The dynamical response properties of neocortical neurons to temporally modulated noisy inputs in vitro

Harold Köndgen, Caroline Geisler, Stefano Fusi, Xiao Jing Wang, Hans Rudolf Lüscher, Michele Giugliano

Research output: Contribution to journalArticle

Abstract

Cortical neurons are often classified by current-frequency relationship. Such a static description is inadequate to interpret neuronal responses to time-varying stimuli. Theoretical studies suggested that single-cell dynamical response properties are necessary to interpret ensemble responses to fast input transients. Further, it was shown that input-noise linearizes and boosts the response bandwidth, and that the interplay between the barrage of noisy synaptic currents and the spike-initiation mechanisms determine the dynamical properties of the firing rate. To test these model predictions, we estimated the linear response properties of layer 5 pyramidal cells by injecting a superposition of a small-amplitude sinusoidal wave and a background noise. We characterized the evoked firing probability across many stimulation trials and a range of oscillation frequencies (1-1000 Hz), quantifying response amplitude and phase-shift while changing noise statistics. We found that neurons track unexpectedly fast transients, as their response amplitude has no attenuation up to 200 Hz. This cut-off frequency is higher than the limits set by passive membrane properties (∼50 Hz) and average firing rate (∼20 Hz) and is not affected by the rate of change of the input. Finally, above 200 Hz, the response amplitude decays as a power-law with an exponent that is independent of voltage fluctuations induced by the background noise.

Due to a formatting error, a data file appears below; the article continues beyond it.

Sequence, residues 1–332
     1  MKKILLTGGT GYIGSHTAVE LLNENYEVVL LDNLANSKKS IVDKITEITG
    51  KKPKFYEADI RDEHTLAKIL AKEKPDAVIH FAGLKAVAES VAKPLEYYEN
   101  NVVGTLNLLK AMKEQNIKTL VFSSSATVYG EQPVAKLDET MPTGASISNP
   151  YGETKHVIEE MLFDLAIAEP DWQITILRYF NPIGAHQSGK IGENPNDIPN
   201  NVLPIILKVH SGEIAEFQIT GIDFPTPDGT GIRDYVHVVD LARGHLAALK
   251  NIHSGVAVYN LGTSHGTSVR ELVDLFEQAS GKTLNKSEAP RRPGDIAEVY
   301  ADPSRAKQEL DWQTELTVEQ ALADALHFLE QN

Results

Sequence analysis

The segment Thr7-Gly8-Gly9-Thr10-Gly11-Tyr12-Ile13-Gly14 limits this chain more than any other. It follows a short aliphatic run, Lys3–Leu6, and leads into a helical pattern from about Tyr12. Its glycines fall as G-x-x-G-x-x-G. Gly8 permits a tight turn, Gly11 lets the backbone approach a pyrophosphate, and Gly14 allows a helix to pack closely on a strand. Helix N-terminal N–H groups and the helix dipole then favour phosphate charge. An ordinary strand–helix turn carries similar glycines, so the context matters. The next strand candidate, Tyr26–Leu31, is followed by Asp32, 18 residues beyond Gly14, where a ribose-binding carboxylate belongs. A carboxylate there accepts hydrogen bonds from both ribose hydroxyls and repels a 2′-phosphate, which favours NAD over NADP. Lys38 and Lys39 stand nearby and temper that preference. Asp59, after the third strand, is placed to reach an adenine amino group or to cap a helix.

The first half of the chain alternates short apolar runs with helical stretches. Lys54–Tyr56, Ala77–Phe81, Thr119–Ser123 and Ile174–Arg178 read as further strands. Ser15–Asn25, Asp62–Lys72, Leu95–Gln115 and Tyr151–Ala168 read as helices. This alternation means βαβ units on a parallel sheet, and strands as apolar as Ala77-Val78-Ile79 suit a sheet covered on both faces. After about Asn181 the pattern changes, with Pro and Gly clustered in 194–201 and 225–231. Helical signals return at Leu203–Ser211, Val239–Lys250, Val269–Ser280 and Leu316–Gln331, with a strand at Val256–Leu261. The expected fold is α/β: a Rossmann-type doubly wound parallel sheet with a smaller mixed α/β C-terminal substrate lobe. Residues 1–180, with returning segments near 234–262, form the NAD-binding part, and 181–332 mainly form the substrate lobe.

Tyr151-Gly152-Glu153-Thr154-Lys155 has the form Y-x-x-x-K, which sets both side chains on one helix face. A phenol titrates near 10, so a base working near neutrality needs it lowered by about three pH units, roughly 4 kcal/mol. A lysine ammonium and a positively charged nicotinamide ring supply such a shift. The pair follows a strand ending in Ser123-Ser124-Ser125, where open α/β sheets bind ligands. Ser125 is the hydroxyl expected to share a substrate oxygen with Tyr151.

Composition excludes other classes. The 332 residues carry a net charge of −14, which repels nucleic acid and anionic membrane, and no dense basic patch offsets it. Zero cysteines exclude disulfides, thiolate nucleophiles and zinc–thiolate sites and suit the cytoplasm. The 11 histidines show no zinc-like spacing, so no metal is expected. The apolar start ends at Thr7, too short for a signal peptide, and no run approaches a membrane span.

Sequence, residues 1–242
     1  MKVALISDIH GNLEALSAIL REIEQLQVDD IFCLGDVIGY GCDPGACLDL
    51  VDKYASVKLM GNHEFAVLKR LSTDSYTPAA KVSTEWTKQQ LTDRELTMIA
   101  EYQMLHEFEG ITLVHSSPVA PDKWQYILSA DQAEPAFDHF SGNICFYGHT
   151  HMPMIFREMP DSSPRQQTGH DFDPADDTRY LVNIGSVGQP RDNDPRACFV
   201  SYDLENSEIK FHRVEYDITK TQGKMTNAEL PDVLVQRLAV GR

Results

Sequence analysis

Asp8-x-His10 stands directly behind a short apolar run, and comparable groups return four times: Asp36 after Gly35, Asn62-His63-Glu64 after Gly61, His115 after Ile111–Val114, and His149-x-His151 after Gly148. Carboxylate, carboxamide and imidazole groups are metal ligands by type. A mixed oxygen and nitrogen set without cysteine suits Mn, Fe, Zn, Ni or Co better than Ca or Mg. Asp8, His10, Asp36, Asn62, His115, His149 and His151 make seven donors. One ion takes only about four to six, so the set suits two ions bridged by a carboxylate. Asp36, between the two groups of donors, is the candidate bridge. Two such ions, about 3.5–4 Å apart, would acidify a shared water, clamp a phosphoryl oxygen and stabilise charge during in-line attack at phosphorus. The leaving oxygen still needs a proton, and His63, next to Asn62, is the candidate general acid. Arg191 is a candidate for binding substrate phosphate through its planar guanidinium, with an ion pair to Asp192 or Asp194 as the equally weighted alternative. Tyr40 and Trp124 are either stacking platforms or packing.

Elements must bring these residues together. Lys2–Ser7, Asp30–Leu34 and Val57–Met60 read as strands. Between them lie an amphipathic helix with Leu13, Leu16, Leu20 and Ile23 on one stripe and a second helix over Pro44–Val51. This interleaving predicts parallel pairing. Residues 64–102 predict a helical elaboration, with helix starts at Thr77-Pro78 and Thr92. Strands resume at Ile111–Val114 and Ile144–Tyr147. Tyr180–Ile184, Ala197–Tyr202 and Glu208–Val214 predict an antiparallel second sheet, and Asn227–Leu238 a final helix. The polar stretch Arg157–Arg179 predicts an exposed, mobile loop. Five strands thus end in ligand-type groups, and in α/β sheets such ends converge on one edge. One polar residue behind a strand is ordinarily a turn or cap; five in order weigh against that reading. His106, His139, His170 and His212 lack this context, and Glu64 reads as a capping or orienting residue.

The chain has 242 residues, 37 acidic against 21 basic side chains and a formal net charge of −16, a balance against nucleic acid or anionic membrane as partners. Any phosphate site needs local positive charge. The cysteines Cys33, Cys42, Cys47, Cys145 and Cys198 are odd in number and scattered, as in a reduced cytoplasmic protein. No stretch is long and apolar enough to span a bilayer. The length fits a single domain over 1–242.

Original languageEnglish (US)
Pages (from-to)2086-2097
Number of pages12
JournalCerebral Cortex
Volume18
Issue number9
DOIs
StatePublished - Sep 1 2008

Keywords

  • Dynamics
  • Frequency response
  • Noise
  • Oscillations
  • Pyramidal cell
  • Somatosensory cortex

ASJC Scopus subject areas

  • Cognitive Neuroscience
  • Cellular and Molecular Neuroscience

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